trick of memory


It's funny how an image like this can give you a right hauntological frisson....  

But at the time, it would have just been part of the dreary everydayness of the era (that dingy orange)....  graphic with-it-ness reaching the mainstream and becoming mundane....  unremarkable, unnoticed... 

But there are design scholars and archivists and imagery collectors who love the Sainsbury packaging, see it as an outpost of popular modernism

And they're not wrong

Selection of Sainsbury delights below and the growing official archive here

As pointed out in the comments, there's been a book of this stuff out for over a decade now, the brainchild of one Jonny Trunk

Some sample pages

Thursday, March 14, 2024

good retro versus bad retro

Last year, on Twitter a designer who identifies himself only as Stuff by Mark put up a bunch of imaginary movie posters that took New Wave songs and imagined each of them as a film from the New Wave of British cinema aka 1960s kitchen-sink realism. 

I  thought these were clever and attractive. 

This kind of thing strikes me as "good retro" . It's work that's fun to look at but it's based in an affinity between the two things being mashed together: British realist cinema of the late '50s / early '60s, the New Wave / 2-Tone school of late 70s / early '80s groups,  Films and songs about ordinary people and ordinary life, equal parts wry and gritty. Social comment, social observation, class-consciousness, deglamorized documentary-like pictures of real life. A tone of undisguised bitterness. These were new things in pop in the late '70s, as they'd been in British film in the early '60s.

The affinity is even clearer in the case of the Squeeze song, which takes its title  - and lyrical ambience - from the Sixties film. 

Stuff by Mark puts out a steady stream of, er, stuff, all based on bygone graphic styles. Prints of the work are for sale from the website.

But just like there's good cholesterol and bad cholesterol, so there's good retro and bad retro. 

And this recent offering strikes me as the bad kind.

It takes the track list of  the one and only album by The La's and imagines each song as a movie poster in the style of the legendary Saul Bass, famous for his title sequences for films by Hitchcock, Kubrick, Preminger  and Billy Wilder, among many others.


Why "bad retro"?

Unlike with the New Wave songs as New Wave film posters, there's no aesthetic affinity between the La's and Saul Bass.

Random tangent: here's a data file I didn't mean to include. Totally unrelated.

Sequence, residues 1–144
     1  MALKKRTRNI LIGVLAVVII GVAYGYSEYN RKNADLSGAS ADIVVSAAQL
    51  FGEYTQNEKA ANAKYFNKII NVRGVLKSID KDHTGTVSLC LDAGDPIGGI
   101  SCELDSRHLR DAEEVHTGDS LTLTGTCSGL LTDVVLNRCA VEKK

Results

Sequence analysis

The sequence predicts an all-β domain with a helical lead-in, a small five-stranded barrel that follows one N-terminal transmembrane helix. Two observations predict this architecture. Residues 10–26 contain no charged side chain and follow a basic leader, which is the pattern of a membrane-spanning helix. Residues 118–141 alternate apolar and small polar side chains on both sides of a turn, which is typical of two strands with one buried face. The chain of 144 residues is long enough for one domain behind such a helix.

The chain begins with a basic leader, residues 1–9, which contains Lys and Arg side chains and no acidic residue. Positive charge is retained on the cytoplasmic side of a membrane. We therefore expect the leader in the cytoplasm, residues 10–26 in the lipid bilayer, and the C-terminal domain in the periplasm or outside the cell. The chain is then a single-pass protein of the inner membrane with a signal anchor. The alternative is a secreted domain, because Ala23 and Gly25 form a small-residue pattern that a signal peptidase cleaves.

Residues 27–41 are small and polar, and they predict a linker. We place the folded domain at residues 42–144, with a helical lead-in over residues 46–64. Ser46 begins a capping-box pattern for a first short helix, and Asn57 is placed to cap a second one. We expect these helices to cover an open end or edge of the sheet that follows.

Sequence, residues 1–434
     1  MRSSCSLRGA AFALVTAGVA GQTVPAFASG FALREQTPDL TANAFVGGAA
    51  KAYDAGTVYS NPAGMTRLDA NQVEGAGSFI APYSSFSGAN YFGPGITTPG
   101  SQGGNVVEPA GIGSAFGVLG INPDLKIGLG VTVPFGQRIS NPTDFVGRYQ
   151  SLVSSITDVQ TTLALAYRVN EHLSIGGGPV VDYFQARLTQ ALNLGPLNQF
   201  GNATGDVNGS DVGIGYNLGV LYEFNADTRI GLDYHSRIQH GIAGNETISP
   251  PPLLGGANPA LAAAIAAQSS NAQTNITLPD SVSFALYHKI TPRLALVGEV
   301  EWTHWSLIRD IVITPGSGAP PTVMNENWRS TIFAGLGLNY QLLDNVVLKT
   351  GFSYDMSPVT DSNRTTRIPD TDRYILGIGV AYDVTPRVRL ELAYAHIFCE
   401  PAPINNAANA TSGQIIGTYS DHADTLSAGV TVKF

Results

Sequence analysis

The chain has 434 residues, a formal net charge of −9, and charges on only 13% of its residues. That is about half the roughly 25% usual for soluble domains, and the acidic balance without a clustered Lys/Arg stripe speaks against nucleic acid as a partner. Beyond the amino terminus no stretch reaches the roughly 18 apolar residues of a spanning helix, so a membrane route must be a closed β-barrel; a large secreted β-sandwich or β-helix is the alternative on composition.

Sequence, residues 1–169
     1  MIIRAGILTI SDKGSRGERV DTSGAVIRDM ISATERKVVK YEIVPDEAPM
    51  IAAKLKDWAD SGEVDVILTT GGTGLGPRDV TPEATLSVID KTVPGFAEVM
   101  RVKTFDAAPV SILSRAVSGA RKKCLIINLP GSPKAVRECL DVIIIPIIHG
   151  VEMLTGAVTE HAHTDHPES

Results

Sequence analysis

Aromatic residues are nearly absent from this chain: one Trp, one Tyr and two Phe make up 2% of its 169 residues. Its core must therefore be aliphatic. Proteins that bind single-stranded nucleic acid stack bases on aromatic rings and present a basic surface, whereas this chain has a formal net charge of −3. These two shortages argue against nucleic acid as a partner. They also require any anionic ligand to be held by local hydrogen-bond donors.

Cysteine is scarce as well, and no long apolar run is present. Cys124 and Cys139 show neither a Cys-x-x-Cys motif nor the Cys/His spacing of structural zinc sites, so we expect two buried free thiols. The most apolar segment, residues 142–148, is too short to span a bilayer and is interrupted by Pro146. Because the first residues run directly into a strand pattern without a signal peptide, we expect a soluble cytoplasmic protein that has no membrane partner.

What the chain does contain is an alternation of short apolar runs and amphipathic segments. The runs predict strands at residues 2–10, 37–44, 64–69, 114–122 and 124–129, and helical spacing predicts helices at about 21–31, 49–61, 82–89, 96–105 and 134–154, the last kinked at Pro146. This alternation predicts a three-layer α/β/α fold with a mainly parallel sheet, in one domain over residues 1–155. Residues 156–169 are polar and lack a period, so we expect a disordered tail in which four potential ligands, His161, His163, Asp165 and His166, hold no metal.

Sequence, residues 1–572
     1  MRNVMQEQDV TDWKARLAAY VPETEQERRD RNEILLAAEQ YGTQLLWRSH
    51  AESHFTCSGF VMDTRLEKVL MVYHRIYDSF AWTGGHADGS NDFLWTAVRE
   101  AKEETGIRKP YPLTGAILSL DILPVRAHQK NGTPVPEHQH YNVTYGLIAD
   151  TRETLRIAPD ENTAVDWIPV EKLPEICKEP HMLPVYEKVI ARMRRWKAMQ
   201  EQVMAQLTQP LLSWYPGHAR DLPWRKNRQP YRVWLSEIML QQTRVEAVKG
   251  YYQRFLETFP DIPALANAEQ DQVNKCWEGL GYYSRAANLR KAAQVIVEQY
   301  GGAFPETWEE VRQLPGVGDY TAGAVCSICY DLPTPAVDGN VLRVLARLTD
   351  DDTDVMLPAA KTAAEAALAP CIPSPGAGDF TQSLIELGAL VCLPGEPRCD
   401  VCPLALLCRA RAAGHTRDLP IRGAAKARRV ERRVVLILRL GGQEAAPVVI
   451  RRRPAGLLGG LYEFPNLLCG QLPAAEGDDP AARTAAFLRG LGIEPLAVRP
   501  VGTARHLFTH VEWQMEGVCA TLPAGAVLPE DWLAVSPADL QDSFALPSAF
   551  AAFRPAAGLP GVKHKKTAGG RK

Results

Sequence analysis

The La's were an edge-of-Madchester / proto-Britpop outfit, immortal for "There She Goes", itself totally retro - or perhaps "time travel" is the operative word, the true hopeless desire at work here. (Famous story of Lee Mavers rejecting a vintage studio console because it didn't have "proper Sixties dust" on it). 

But the region of the recent past that the La's were obsessed with reenacting was completely separate from the world that Saul Bass operated in - the Hollywood mainstream. You think Saul Bass and you're instantly in the era of Mancini and Martinis and mid-century modern (the kind of look and feel that suffuses the decor and costumes of Mad Men, say).  

Whereas The La's reference points are Beatles and Merseybeat and perhaps a bit of Crosby Stills and Nash (the Graham Nash bit). The look and feel of this 1960s is a world away from Saul Bass's world.  Rock, then, saw Hollywood as showbiz, as phony, as nothing to do with youth culture (or hopelessly clumsy and out of touch when it tried to deal with it). 

The La's own album artwork is faintly Swinging Sixties / mod / Carnaby Street, or just ugly.

The other big difference is that The La's are throwbacks, while Saul Bass was absolutely modern in his moment. Ridiculously with-it and au courant.

More to the point, whether it was the credits sequences or his film posters or his logos for corporations, Bass did things that had never been done before.  He innovated with typography, with cut-out animation, with methods of production. The very idea that a title sequence could be a miniature work of art in its own right was a new thing.

So it's an arbitrary marriage of contraries, done according to the additive logic of the mash-up:  "Here's two things I like - Bass's designs, Mavers's tunes and voice - so let's combine them". 

AI means the world is going to be choked with this kind of thing. Already is being choked by it.

Like low-density lipoprotein, it clogs up the arteries of the culture.